Syria civil war: Germany holds unprecedented state torture trial

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media captionAccused of torture in Syria, men face German justice

Two men accused of committing crimes against humanity for the Syrian state have gone on trial in Germany.

It is thought to be the first case worldwide examining the use of torture under President Bashar al-Assad's rule.

The two - identified as Anwar R and Eyad A - allegedly worked as government intelligence officers.

Both fled Syria in the midst of its ongoing civil war and applied for asylum in Germany, where they were arrested in 2019.

Lawyers for the two men declined to talk to reporters before the case opened in Koblenz on Thursday. President Assad and his government have repeatedly denied the use of torture.

But a report by UN human rights experts in March 2018 said the government was detaining tens of thousands of people and subjecting them to "various forms of brutal torture".

Outside the court a group of refugees and human rights activists welcomed the start of the trial. Among them was Syrian rights lawyer Anwar al-Bunni, who says he was himself arrested by Anwar R in Damascus.

Mr al-Bunni has said that after he arrived in Berlin as a refugee in 2014, he spotted Anwar R on the street, but did not immediately recognise him.

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image captionActivists outside the court produced banners describing Syria as a "torture state"

"Today's proceedings should serve as an important reminder that more is needed to ensure accountability for the conflict's horrific atrocities," said Balkees Jarrah from the NGO Human Rights Watch.

German authorities are investigating dozens of former Syrian officials under the principle of "universal jurisdiction" - which allows any country to prosecute those accused of war crimes, crimes against humanity and genocide.

The German Association of Judges says cases are also being investigated in Iraq, Libya, Afghanistan, Mali and other countries. "War criminals get no shelter in Germany," association head Sven Rebehn told the DPA news agency.

What are the men accused of?

The pair allegedly worked for the General Intelligence Directorate (GID), Syria's most powerful civilian intelligence agency.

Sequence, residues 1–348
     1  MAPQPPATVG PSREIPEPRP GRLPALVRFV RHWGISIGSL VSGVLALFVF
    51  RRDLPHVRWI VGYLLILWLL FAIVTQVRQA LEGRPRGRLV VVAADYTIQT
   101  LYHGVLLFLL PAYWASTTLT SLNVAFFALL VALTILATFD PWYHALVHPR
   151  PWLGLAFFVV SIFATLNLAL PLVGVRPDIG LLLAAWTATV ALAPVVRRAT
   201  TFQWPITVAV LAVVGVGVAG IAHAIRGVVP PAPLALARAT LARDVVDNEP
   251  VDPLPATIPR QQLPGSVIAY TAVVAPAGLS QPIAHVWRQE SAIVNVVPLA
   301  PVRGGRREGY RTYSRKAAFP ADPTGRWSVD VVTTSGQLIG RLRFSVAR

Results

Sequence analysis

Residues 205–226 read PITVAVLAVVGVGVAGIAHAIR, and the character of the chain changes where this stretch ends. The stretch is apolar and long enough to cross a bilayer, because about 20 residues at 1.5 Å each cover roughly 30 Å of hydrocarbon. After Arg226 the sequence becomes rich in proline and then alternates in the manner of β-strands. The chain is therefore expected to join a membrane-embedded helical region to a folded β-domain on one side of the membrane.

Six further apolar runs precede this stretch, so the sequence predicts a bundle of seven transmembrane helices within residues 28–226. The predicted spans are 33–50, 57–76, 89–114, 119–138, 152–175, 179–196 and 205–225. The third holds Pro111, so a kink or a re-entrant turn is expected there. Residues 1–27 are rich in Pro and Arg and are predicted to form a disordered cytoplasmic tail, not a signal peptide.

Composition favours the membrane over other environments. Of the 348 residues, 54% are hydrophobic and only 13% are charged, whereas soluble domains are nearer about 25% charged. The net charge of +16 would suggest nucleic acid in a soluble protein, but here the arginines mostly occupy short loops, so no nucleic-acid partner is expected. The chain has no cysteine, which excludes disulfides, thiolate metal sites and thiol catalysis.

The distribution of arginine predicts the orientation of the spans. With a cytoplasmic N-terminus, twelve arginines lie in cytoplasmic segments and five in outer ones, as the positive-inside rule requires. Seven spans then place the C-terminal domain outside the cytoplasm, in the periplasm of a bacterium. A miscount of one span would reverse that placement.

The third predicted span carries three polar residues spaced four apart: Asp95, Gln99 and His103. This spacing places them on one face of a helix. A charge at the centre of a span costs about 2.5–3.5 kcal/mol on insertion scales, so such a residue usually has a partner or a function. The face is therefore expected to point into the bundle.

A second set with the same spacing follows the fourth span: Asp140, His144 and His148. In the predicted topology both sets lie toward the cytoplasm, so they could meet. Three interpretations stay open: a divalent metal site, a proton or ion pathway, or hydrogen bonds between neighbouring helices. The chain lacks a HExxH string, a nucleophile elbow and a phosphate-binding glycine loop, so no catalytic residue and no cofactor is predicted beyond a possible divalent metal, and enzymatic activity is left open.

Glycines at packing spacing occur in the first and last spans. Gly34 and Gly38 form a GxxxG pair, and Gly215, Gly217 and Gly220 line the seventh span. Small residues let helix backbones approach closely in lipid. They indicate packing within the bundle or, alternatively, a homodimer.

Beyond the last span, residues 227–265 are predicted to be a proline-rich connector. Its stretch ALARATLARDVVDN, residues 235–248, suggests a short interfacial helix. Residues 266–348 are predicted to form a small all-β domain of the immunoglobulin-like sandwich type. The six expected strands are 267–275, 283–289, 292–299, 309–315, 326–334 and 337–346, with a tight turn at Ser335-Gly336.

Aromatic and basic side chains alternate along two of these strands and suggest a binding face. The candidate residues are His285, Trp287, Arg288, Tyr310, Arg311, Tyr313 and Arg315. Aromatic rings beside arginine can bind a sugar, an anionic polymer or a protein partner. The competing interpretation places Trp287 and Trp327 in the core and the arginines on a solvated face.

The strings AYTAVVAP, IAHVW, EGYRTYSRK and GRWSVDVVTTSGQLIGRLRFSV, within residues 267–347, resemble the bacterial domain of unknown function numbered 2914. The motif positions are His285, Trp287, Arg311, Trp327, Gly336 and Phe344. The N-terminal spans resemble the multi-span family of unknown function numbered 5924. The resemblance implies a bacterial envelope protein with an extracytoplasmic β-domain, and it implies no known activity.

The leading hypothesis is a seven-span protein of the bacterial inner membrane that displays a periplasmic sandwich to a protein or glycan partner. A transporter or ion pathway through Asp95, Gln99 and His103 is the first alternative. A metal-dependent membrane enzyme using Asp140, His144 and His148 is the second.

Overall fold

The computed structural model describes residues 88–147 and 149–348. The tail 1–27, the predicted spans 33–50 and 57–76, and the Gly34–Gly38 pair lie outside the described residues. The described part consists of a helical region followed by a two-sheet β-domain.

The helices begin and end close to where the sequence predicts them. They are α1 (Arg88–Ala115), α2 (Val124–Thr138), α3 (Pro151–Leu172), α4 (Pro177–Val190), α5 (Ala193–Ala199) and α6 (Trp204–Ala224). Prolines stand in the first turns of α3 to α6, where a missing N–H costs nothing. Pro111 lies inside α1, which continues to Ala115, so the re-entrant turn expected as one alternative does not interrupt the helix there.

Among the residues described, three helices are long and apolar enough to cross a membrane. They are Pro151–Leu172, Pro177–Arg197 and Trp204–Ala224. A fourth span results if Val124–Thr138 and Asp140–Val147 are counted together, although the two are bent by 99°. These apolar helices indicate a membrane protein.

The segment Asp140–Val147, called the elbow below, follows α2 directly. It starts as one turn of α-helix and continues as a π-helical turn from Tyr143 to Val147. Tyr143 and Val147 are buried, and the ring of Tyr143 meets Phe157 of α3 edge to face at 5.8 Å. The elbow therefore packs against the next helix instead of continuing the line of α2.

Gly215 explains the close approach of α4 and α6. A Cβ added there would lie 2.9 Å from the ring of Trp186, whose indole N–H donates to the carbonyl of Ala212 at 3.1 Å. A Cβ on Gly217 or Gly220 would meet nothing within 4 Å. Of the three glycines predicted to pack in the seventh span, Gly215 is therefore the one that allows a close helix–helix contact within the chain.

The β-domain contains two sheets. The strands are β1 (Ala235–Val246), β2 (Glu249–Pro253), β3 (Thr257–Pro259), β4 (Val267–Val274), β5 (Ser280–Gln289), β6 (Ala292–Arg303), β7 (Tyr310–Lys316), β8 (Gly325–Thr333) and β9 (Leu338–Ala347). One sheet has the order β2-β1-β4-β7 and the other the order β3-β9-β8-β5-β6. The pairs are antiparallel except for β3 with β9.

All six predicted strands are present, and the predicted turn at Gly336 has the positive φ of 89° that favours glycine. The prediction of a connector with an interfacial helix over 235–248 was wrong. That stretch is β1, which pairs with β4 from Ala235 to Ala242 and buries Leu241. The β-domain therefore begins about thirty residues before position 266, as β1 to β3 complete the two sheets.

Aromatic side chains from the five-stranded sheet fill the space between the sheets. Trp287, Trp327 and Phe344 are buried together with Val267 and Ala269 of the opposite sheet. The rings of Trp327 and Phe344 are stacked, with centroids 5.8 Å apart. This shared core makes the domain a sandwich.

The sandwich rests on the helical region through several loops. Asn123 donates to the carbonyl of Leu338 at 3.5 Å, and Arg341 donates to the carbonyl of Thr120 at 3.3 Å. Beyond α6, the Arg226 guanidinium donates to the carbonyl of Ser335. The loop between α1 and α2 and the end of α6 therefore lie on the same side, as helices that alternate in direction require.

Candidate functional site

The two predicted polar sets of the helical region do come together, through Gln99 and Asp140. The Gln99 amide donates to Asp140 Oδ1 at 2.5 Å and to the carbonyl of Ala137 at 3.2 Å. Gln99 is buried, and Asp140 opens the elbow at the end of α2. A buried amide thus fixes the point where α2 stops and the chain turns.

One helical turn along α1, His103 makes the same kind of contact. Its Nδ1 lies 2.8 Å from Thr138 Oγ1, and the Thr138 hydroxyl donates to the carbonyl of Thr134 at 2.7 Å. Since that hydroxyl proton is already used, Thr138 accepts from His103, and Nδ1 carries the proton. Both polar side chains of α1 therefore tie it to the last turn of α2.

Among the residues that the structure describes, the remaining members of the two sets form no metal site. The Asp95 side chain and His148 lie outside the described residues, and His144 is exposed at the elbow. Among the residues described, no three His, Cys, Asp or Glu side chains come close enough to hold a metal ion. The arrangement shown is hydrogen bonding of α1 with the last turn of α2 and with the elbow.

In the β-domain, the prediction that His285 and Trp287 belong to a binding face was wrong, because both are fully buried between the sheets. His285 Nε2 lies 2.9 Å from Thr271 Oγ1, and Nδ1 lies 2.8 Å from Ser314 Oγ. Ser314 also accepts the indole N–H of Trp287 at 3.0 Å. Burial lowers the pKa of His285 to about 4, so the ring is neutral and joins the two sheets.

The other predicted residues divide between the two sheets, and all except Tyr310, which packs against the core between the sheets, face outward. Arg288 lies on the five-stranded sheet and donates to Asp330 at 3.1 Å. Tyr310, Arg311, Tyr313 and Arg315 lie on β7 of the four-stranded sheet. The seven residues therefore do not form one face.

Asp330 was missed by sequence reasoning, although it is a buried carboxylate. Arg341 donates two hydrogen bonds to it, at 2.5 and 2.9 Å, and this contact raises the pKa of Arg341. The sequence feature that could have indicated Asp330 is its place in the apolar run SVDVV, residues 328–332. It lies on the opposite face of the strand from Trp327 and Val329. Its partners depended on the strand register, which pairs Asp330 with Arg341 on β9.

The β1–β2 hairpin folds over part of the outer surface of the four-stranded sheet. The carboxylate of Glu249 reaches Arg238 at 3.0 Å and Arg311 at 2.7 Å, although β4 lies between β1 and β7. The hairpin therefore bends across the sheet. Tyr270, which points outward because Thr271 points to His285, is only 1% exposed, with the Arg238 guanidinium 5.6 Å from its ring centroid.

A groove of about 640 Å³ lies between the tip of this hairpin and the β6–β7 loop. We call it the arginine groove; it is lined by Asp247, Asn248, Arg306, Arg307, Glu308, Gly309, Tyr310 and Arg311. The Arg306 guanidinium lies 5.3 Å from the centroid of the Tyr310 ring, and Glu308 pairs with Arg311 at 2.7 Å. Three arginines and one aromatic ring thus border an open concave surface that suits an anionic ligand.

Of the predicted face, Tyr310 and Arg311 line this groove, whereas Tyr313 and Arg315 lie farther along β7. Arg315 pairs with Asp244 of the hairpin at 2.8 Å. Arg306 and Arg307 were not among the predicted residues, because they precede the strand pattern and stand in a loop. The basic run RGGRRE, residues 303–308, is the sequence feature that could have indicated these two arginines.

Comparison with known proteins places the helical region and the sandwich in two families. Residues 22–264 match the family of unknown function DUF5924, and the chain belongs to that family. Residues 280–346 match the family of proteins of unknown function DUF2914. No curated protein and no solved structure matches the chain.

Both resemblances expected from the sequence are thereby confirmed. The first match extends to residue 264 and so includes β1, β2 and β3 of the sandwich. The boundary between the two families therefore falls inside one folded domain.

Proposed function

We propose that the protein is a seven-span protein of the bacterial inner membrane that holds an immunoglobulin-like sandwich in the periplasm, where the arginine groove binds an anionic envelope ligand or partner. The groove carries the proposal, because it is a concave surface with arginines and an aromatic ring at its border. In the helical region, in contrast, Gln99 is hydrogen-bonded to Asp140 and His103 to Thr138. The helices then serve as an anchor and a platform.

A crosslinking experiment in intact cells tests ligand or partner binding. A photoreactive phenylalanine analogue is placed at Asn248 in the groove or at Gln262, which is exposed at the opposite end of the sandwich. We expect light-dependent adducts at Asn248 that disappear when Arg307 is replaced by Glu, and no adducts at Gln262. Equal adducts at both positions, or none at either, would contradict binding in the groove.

It has been accused of playing a key role in the violent suppression of peaceful protests against Bashar al-Assad's rule that erupted in March 2011.

media captionSami told the BBC's Lina Sinjab this year of the horror of prison in Syria

German prosecutors say that Anwar R, 57, was a high-ranking officer in charge of the GID's Al-Khatib prison in the capital Damascus. He is suspected of being involved in the torture of at least 4,000 people in 2011-12, and has been charged with 58 counts of murder as well as rape and sexual assault.

Eyad A, 43, is said to have worked for Anwar R's department and has been charged with torture in at least 30 cases.

Key evidence against the pair came from the tens of thousands of photos taken by a military defector known as Caesar, who fled Syria in 2013.

Anwar R and Eyad A reportedly entered Germany as asylum seekers in July 2014 and April 2018, respectively.

If convicted, the 57-year-old faces life in prison, while Eyad A could get up to 15 years behind bars.

What's happening in Syria?

Protests erupted against the Assad regime in March 2011. Nine years later, Syria is still engaged in a savage civil war.

Idlib in the northwest is the last part of the country still held by opposition forces.

Russia and Turkey brokered a truce in March after weeks of intense fighting between Turkish-backed rebels and Syrian forces supported by Russia.

Syria officially reported its first case of coronavirus last month. Idlib province has yet to announce any infections, but humanitarian groups are particularly concerned about the situation there.

media captionCoronavirus: Fears of virus in Idlib refugee camps

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